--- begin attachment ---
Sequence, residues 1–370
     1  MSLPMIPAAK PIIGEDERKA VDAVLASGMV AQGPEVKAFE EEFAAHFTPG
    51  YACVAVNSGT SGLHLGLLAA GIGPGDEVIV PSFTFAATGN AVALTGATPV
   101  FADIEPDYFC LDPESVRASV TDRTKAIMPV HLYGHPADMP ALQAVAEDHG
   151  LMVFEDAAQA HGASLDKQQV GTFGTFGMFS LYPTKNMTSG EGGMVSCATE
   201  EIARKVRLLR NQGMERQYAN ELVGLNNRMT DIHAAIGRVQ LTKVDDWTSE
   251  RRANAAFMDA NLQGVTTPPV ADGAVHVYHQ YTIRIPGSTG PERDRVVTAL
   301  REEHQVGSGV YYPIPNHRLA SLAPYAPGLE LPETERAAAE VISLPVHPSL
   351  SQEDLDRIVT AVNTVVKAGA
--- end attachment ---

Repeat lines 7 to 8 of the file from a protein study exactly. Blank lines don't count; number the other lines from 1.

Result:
   251  RRANAAFMDA NLQGVTTPPV ADGAVHVYHQ YTIRIPGSTG PERDRVVTAL
   301  REEHQVGSGV YYPIPNHRLA SLAPYAPGLE LPETERAAAE VISLPVHPSL